Everything I Ever Needed to Know: The Middle School Premium

I recently wrote on the Census Bureau’s awaited annual update to its “Income, Poverty and Health Insurance Coverage” data for 2014. I editorialized on the decline in median earnings for 25-34 year-olds since the turn of the century. Today, I thought that rather than emphasize the negative, as I often do, I would point to the positive: For two decades, things have been getting better for people who don’t even finish the ninth grade. Way better.

Don’t laugh. This is serious social science.

Consider: If you think education increases earnings then you’d look at aggregate earnings of all persons (for the youth bracket, in this case) by education. You’d expect to see the aggregate earnings grow with an increasing proportion of the gains going to educated people. Instead you get this:

Aggregate Personal Earnings by Education (25-34, Both Sexes)

…Increasing proportions of the total going to the educated but no aggregate growth. This means average productivity isn’t improving; maybe the unenlightened are getting dumber or maybe educated workers aren’t really benefiting from more schooling.

How do you separate these factors when productivity and population (by education) are multiplied together and then added up to illustrate the aggregate above? In an unlikely parallel, Paul Krugman leads the way when trashing Jeb! Bush’s economic record as governor of Florida: Just compare the average aggregate growth rate to the average per capita growth rate. If the average per capita growth rate is higher than the average aggregate growth rate, then you’re looking at improving productivity rather than positive population shifts, which is bad.

We can do the same thing with education: average growth in aggregate earnings and average growth in per capita earnings.

Get ready…

Earnings Growth Rates by Education for 25-34 Year Olds (1991-, 2014 $)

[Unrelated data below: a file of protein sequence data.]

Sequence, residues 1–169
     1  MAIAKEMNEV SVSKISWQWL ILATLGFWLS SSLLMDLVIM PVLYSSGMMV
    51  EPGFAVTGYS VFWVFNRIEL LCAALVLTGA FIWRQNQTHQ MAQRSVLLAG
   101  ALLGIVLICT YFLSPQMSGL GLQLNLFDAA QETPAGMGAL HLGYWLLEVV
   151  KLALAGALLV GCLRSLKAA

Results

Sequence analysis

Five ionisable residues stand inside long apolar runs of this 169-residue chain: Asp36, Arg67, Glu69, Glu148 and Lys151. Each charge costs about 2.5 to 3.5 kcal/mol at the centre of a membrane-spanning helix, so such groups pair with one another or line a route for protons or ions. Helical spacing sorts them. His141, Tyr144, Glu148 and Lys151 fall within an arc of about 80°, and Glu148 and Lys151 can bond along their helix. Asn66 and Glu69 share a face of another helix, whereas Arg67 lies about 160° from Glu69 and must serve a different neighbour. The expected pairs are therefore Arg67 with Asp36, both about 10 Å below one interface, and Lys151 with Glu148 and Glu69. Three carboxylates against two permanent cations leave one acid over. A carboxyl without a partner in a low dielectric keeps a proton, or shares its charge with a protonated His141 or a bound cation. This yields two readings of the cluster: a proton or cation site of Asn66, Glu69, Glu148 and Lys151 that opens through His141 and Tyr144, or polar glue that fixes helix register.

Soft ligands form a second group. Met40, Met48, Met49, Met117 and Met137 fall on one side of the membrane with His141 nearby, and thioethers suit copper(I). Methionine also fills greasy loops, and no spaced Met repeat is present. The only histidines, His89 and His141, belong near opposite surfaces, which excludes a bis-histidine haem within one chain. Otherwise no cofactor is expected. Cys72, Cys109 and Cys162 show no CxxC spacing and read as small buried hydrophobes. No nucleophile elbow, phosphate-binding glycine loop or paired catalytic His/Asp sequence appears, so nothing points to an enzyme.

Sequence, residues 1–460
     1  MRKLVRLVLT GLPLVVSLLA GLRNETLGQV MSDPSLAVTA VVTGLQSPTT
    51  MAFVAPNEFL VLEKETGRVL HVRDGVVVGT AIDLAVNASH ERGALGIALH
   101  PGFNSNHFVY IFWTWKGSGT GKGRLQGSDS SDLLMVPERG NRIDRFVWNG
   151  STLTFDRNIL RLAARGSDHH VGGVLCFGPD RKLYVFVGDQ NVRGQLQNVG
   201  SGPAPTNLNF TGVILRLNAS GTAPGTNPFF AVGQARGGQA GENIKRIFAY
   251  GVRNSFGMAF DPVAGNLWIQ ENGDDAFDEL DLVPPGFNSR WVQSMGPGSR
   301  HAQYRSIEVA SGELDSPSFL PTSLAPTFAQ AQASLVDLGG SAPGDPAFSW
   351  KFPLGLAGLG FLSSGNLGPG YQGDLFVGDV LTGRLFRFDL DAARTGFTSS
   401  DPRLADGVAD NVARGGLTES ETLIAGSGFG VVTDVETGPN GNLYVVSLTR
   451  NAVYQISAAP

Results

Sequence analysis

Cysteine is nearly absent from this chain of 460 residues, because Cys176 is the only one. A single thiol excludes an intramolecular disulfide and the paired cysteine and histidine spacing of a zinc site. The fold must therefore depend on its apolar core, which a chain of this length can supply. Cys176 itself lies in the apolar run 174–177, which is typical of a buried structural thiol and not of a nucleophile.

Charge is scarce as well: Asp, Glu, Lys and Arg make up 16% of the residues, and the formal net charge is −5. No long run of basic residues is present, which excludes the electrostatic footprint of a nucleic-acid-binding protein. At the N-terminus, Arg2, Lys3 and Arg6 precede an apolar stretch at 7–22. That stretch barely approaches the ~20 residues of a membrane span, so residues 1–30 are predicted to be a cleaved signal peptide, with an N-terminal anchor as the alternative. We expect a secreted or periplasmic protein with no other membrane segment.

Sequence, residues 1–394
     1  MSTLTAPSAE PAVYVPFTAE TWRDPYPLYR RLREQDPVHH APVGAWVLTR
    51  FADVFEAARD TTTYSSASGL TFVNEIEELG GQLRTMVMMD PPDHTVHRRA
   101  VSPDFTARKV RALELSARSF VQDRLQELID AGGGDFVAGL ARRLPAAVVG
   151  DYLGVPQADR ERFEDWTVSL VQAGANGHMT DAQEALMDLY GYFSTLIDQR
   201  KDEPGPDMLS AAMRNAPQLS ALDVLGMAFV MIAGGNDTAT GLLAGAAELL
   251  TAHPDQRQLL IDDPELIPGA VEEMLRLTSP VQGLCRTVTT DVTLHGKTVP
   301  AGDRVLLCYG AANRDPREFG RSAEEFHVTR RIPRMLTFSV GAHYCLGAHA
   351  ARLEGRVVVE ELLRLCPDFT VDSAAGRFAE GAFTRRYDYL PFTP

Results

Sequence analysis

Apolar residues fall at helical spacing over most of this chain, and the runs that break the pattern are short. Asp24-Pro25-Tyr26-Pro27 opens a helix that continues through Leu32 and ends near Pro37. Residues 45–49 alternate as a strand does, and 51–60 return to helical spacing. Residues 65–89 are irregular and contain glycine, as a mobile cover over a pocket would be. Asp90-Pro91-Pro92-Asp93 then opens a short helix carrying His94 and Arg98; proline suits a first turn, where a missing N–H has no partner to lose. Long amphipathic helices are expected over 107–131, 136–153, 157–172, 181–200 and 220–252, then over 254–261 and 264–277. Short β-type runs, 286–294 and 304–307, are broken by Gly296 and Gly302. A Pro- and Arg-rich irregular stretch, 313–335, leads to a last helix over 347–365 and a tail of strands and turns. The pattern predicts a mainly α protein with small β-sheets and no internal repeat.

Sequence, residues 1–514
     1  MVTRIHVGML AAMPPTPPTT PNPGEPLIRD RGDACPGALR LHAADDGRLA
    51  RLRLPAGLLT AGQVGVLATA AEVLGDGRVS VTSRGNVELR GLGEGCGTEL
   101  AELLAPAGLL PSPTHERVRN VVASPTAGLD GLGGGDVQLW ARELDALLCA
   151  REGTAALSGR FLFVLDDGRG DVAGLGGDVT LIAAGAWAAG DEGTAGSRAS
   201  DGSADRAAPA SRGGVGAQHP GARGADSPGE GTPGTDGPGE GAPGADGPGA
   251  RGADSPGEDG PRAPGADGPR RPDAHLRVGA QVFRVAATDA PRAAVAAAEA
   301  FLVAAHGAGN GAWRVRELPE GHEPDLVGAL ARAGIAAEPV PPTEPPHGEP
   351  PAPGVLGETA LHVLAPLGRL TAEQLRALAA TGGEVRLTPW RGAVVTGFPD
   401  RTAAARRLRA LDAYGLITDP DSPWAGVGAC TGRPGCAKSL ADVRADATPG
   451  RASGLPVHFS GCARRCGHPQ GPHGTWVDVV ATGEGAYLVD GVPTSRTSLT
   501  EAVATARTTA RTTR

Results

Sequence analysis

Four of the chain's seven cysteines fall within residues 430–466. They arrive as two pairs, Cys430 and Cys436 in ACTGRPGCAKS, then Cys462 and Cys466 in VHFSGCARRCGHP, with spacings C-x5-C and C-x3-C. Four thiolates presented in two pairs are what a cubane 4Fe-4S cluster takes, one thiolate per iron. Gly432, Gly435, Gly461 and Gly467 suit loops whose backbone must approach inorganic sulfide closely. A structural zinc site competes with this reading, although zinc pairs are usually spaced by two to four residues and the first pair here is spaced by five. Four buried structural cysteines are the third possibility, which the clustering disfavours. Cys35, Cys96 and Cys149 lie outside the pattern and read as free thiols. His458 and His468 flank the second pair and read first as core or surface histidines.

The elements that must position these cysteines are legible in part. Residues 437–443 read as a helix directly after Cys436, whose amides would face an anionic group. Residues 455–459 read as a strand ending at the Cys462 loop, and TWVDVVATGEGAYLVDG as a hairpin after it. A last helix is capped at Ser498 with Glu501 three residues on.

Boom. Since 1991, the cumulative per capita growth rate for middle schoolers’ incomes has been 28 percent but for college grads (and above!) it’s been a scant 9 percent. In 42 years, both categories’ earnings will be identical.

Presumably, in about twenty-five years, young people will begin retarding their educations to avoid wasting their time learning ancillary subjects like geometry, science, literature, history, and—ungh—drama.

And if you thought law school scamblogs were bad, wait until you see Third Tier High School. Many a commode will be flushed that day, that’s for sure!

But aside from that massive finding, I direct your attention to the blue bars in the chart. As with Krugman’s argument on Jeb!’s governorship, they show exactly what we’ve feared all along: Any growth in college graduates’ productivity is overwhelmingly swamped by population shifts. In other words, more people are getting degrees, but overall they aren’t earning much more.

I wouldn’t read too much into the fact that dropping out of college is worse than not going in the first place. The stagnation of associate’s degree candidates, by contrast, is disturbing.

In truth, though, much of the growth in per capita earnings is probably attributable to college grads, so I wouldn’t completely discount them. However, most of that occurred in the 1990s. We’re in a very different place today.

Ponder that when your kids start the square-dancing unit in P.E.


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